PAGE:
Stable credit card offers favor consumers
September 15, 2012
- Average consumer credit card rate, overall market: 16.89 percent
- Average consumer non-rewards credit card rate: 15.15 percent
- Average consumer rewards credit card rate: 17.64 percent
- Average student credit card rate: 17.34 percent
- Average business non-rewards credit card rate: 14.74 percent
- Average business rewards credit card rate: 15.74 percent
The U.S. bank prime rate remained at 3.25 percent in the first half of September, and stability was also the order of the day for credit card rates. There were no changes in the credit card offers tracked by IndexCreditCards.com for this survey.
Credit card rates have calmed down in general in the latter part of the summer. Every credit card company has its own pricing strategy and credit concerns, but here are three possible reasons for the industry-wide trend towards stability:
- Disruptions from the CARD Act have finally been digested. The Credit Card Accountability, Responsibility, and Disclosure Act (the CARD Act) went into effect beginning in 2010. Among other things, this law imposed restrictions on when credit card companies could raise interest rates, and on how they charged certain kinds of fees. While these provisions protect consumers, they disrupted the long-established business models of credit card companies. Credit card companies had to adjust their product offerings to the new rules, which sometimes meant tweaking interest rates, and sometimes meant eliminating certain credit card offers or introducing new ones. However, with over two years of history under their belts, it may be that credit card companies are finally satisfied that their products and pricing adequately reflect the new regulatory environment.
- Interest rates may have bottomed. Some rate changes are specific to the credit card market, whereas others reflect the broader interest rate environment. The last few years have seen a sustained slide in interest rates generally, but with short-term rates near zero and long-term rates near the historical rate of inflation, it is inevitable that rates would start to level off at some point.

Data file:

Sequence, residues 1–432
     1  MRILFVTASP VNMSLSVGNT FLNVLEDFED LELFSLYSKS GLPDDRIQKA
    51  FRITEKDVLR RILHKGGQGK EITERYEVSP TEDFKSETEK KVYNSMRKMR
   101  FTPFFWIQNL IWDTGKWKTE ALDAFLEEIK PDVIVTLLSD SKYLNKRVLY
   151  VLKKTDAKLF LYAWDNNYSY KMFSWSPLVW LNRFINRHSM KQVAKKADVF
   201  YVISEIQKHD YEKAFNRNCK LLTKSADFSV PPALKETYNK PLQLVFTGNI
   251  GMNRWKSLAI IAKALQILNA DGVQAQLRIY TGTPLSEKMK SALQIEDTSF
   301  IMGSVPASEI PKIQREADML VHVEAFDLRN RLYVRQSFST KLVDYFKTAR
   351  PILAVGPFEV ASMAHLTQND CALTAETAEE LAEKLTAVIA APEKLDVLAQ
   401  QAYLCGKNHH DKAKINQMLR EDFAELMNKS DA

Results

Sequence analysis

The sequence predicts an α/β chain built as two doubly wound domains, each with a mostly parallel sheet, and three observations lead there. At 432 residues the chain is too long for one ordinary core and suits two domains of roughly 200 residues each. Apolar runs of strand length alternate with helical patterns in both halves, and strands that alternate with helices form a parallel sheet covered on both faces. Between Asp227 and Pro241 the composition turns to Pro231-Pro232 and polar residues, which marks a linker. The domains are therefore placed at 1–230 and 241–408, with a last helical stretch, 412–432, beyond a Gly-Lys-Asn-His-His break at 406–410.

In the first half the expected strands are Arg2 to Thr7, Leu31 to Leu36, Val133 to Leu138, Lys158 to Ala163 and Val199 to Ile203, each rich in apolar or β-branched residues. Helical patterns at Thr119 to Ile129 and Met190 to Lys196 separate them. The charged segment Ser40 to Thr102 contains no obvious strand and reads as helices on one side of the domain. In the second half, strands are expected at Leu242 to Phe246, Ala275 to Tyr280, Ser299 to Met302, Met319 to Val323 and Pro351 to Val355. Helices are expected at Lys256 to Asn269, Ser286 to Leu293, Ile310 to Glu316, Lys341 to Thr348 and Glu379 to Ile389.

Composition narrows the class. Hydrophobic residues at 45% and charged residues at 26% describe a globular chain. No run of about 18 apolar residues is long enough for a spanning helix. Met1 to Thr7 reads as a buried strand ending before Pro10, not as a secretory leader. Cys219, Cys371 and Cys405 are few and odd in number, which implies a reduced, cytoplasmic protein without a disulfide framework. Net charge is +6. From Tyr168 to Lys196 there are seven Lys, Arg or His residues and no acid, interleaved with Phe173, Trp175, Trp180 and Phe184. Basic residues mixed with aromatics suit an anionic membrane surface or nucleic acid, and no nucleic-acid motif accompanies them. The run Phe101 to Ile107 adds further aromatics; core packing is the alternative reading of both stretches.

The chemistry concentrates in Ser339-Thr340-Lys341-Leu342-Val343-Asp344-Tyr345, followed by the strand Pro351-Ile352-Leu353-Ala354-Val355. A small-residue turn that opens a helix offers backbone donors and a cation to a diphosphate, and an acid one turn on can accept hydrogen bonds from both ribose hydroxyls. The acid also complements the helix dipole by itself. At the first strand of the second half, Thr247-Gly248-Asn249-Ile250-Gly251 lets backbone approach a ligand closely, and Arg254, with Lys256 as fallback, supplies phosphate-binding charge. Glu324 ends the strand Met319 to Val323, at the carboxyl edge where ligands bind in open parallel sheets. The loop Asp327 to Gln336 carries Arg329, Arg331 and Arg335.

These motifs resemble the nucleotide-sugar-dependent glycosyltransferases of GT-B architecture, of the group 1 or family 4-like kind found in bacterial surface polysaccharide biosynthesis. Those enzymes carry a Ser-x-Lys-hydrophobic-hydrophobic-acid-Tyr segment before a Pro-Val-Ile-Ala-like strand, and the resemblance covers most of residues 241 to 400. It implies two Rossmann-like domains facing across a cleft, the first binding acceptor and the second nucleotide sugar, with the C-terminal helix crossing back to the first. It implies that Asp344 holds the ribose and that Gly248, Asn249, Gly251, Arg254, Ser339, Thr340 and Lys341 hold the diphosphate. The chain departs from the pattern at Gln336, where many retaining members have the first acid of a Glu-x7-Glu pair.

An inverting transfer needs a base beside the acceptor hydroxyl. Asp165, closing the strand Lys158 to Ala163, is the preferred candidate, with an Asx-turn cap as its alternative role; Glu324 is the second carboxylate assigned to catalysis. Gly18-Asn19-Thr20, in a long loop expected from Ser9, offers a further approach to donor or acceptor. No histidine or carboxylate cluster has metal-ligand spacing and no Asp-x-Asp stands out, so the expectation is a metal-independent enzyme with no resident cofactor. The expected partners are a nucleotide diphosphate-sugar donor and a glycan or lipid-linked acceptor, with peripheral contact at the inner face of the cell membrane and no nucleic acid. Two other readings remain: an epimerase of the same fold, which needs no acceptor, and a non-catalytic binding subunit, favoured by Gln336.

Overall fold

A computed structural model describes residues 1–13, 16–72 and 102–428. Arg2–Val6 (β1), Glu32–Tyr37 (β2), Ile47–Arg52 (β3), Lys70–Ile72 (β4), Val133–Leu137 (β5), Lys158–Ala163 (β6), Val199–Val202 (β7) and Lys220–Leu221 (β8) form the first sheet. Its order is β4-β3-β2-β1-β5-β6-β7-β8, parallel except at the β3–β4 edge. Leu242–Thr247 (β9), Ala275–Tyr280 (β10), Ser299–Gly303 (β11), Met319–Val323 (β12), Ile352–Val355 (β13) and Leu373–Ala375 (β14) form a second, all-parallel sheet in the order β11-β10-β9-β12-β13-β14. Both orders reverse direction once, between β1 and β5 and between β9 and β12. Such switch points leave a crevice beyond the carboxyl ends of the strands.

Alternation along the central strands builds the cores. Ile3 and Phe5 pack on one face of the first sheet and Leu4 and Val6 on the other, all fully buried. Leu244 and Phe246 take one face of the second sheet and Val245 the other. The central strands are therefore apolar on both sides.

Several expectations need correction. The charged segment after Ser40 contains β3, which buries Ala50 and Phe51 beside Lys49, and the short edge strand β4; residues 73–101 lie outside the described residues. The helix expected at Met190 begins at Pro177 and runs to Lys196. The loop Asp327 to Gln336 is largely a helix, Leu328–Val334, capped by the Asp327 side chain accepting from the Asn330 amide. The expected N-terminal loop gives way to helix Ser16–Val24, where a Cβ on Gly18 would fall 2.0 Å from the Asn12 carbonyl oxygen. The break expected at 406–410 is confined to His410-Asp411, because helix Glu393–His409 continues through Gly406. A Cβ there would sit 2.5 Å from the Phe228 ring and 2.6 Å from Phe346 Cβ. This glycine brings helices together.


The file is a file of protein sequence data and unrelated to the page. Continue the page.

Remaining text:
- Inflation has been a non-factor. For any lender, inflation is a threat because it eats into the interest rates that they charge, constricting profit margins. Credit card companies, therefore, tend to respond to this threat by raising interest rates if they think inflation is rising. The Consumer Price Index was more or less unchanged between the end of February and the end of July, meaning that inflation has been a non-factor in recent months.
Credit card rates are sensitive to changes in the economy, and stability isn't exactly a normal state of affairs in economics. A change in the inflation outlook may be as near at hand as the next inflation report or oil crisis, and beyond that, the outcome of November's election could change expectations about the regulatory environment for credit cards. In short, recent stability isn't surprising, but will be difficult to maintain.
Consumer credit cards
Both consumer non-rewards and rewards credit cards remained unchanged for the second consecutive survey. This stability can be helpful to consumers, because it gives them an opportunity to evaluate credit card offers without feeling as though they are chasing a moving target.
Student credit cards
As they settle in for the fall semester, college students - and their parents - shouldn't have to worry about re-evaluating the credit card offers they signed up for this summer, with student credit card rates remaining stable in the first half of September.
Business credit cards
Like consumer and student credit card rates, business credit card rates remained the same, and neither category of business credit cards has changed since July.
Good credit vs. average credit
Since there were no changes in the credit card offers tracked by this survey, the difference between rates for customers with excellent credit and those for customers with average credit remained unchanged, at 3.83 percent.
In total, IndexCreditCards.com surveys information from some 50 different credit cards, and includes multiple credit-rating tiers from many of those cards. Examples of offers surveyed include American Express credit cards, Capital One, Chase, Citi, Discover, and other MasterCard and Visa branded cards. The information compiled not only demonstrates trends in credit card rates over time, but also indicates the different values credit card companies put on different target markets (consumer, business, etc.), as evidenced by the differences between rates for those markets.
Published 09/15/12 (Modified 05/13/14)